If you like having sex, eating chocolate, or taking drugs (or all of the above), you are going to love learning new words.

No, seriously, learning is just as stimulating and exciting as either of these “fun-filled” activities. Not saying that drug use is good or anything, it’s just that the high of reaching drug euphoria is only as good as learning something new.

The orgasm is no better than this either. It seems that something amazing occurs when you are introduced to a new word. If you have paid attention at all, you would notice that when the word makes that connection in your brain, your mouth slightly opens and your nostrils flare. These are true indications of pleasure. Let’s take a closer look, shall we!

What’s the deal?

So, going back through time, what makes us different from other creatures in existence? Our language is the unique characteristic; this sets us apart from all other beings in existence. Words may not seem all that amazing, but if you only knew what occurred inside the body, you would know the true worth of language.

The fact that we communicate with each other is simply astounding. Some people theorized that language learning mechanics were linked to pleasure-inducing circuits within the body. Thing is, this is only a theory and still holds great mystery.

Testing the theories

Researchers from both Germany and Spain teamed up to study the brains of 36 adult participants. With the use of Functional Magnetic Resonance Imaging (fMRI), these participants were studied performing two different activities – gambling and learning the meaning of new words.

The ventral striatum is a brain region known as the center for reward and motivation. There are many activities that affect this area, including sex, drug use, and also basic activities, such as eating flavorful foods.

According to the results of the experiment, when learning new words, the ventral striatum syncs with the cortical language region, strengthening the pleasure bond. Those who keep a strong connection between these regions experience an easier language learning ability – stronger and more frequent.

A pleasurable evolution

Results such as these point toward another thought. Maybe the ability to feel pleasure when learning prompted evolution toward a destiny, otherwise undiscovered. There is a possibility that who we are today, stems from the bond between learning and pleasure.

Antoni Rodriguez, the lead author of the study, states that the findings suggest emotion could have played a very important role in language acquisition. Not only did the ability to achieve intellect just occur, but it may also very well have been a popular activity.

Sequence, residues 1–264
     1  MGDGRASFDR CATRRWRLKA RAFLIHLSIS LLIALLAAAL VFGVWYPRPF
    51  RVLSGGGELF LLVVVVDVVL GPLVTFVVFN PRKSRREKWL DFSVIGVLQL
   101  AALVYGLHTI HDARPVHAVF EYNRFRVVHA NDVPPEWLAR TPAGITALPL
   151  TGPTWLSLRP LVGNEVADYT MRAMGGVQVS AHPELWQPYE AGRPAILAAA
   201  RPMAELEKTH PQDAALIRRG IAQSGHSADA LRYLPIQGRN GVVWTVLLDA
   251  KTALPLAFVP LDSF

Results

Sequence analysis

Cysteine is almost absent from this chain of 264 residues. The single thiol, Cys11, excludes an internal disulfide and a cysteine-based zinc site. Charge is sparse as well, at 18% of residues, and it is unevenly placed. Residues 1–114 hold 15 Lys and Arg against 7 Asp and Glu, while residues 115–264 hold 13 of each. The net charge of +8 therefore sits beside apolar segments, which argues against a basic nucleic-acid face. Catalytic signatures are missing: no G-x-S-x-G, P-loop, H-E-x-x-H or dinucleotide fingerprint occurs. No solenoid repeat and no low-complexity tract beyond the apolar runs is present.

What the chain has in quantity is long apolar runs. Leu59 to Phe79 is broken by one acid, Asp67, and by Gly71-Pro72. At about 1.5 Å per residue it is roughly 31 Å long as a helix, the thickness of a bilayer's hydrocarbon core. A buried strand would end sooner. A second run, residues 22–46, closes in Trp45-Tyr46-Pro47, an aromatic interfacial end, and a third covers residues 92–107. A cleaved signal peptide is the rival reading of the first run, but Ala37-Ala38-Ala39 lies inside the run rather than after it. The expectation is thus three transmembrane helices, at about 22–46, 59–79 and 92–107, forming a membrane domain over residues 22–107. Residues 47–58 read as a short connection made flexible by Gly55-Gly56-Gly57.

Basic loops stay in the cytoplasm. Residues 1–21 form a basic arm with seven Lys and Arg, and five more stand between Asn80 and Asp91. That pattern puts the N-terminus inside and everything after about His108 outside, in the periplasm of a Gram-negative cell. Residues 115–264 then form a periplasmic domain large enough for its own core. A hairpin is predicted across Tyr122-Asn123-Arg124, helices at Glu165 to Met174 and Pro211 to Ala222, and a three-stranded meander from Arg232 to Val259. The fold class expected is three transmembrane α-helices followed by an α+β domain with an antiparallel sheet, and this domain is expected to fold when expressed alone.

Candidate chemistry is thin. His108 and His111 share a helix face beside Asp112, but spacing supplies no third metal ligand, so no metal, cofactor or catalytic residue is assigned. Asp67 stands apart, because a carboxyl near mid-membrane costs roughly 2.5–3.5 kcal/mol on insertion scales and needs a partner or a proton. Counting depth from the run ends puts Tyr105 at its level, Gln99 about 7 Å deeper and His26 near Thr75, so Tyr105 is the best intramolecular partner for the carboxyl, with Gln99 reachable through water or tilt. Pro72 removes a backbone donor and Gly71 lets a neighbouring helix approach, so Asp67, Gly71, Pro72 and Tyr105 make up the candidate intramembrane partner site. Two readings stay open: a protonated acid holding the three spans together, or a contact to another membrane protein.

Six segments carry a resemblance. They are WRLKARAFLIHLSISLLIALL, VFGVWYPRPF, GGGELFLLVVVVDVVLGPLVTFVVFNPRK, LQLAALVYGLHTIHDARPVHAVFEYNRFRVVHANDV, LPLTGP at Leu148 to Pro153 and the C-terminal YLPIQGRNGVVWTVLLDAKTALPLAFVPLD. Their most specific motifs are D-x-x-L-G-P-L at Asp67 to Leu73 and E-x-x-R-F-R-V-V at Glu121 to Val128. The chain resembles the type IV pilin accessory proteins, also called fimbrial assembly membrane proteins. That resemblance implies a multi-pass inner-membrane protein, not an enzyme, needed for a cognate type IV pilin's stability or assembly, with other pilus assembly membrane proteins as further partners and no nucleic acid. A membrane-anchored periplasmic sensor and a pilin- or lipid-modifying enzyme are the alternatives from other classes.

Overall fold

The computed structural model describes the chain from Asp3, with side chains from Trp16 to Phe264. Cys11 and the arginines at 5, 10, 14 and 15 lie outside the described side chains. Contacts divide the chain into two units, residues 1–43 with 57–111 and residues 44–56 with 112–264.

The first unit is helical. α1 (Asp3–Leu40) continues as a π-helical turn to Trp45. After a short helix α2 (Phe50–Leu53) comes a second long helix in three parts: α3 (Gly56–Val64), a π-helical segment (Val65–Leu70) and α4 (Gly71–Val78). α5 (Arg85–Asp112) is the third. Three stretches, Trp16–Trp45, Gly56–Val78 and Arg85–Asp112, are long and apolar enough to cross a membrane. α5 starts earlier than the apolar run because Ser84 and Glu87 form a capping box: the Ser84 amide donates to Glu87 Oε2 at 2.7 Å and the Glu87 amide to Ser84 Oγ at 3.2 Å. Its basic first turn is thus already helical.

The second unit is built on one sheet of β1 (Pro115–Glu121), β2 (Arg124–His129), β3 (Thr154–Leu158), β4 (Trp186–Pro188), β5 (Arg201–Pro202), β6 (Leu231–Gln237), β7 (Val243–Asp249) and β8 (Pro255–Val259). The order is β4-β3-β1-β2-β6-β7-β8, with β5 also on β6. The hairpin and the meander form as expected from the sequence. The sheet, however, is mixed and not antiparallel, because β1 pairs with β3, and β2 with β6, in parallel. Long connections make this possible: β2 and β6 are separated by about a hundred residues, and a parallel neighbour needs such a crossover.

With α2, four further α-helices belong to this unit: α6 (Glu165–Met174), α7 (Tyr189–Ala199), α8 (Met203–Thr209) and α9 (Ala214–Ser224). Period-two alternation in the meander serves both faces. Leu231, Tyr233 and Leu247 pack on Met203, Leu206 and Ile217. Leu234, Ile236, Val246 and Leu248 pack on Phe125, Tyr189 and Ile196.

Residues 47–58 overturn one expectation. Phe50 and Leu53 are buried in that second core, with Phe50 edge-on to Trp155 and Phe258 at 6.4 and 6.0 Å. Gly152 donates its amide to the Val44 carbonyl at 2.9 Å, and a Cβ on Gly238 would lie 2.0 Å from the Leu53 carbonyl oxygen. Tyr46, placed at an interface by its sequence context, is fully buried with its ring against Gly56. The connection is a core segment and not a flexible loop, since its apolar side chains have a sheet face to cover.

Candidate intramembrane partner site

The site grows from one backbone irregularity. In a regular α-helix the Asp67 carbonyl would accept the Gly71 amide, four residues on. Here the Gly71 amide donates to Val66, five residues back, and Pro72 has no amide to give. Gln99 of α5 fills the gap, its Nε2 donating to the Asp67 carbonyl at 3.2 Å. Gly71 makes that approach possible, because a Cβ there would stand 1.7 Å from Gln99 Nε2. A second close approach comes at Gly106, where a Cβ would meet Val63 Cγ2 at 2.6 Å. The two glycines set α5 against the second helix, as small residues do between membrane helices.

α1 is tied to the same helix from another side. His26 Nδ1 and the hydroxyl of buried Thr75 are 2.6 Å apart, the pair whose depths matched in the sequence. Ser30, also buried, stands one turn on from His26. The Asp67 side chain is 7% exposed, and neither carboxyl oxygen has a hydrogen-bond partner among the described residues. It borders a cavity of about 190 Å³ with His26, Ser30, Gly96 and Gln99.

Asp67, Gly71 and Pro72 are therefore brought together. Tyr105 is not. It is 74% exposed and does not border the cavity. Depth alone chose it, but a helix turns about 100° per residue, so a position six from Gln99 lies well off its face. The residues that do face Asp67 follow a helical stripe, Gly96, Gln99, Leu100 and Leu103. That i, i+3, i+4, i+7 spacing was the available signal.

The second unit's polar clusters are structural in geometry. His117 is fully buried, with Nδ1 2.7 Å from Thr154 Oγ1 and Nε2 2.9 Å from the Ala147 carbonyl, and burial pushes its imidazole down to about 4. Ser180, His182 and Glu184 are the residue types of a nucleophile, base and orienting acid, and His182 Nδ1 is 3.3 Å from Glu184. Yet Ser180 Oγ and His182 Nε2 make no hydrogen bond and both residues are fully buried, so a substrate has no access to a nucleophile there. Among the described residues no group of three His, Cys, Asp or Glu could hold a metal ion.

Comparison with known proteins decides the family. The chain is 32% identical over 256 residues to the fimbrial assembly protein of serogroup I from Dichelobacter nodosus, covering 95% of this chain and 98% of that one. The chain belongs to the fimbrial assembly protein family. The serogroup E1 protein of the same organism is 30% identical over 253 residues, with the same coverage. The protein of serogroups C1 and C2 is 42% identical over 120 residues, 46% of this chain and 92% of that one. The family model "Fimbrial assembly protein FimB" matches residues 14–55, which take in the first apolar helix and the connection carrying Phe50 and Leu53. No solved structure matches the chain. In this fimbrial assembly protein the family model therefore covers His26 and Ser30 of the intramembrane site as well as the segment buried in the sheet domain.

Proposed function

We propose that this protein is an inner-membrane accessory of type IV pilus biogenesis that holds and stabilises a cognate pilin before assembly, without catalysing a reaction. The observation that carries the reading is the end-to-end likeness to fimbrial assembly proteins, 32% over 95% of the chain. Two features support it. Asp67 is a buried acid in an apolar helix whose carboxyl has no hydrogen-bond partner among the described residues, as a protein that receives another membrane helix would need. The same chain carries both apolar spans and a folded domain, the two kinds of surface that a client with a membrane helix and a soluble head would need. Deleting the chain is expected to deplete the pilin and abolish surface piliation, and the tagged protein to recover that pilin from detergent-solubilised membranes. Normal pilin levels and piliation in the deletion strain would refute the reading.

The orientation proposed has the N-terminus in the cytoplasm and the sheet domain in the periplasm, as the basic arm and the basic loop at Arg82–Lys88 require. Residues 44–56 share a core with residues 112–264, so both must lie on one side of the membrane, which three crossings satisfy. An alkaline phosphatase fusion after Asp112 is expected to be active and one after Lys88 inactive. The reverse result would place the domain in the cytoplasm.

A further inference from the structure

There, among the basic desires to have sex and gain the euphoria of tasting hearty rich foods, we also enjoyed the incredible thrill ride of knowledge.

Music was found to have similar effects on the brain

It is remarkable that except for learning new words, music seems to trigger our brain in similar ways. The reward center of the brain is activated when we hear the music we like, just in the same way as during sex or eating delicious food, claim Canadian scientists.

Volunteers were offered to listen to music, while their brain activity was monitored. After their brain scans were analyzed, it was found that when listening to songs they liked, their brain activity in the so-called nucleus accumbens increased. The same occurs while having sex or eating delicious food.

“We knew that the nucleus accumbens is associated with the reward. But music is an abstract concept. Listening to music does not feel like when you are hungry and getting ready to eat, being happy about it, or when you are having sex, or when you are getting money.

In such cases, we do expect activity in this brain region. Now, the striking fact is that the same thing happens with something as abstract as music. We look forward to the next sound and activate the reward center,” says Valorie Salimpoor, a scientist at the Neurological Institute of Toronto, where the study was conducted.

“Even before the volunteers said what they thought about music, we knew the answer since their brains were ‘betraying’ their opinion” says Salimpour.

The results of the study were published in the journal «Science».

Which of these pleasurable activities do you prefer, learning new words or listening to music?

Copyright © 2012-2024 Learning Mind. All rights reserved. For permission to reprint, contact us.

Copyright © 2012-2024 Learning Mind. All rights reserved. For permission to reprint, contact us.
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This Post Has 2 Comments

  1. Katherine L

    Sans the orgasm. Interesting. HA!

    1. Sherrie

      I think I feel like learning more than a few words today.

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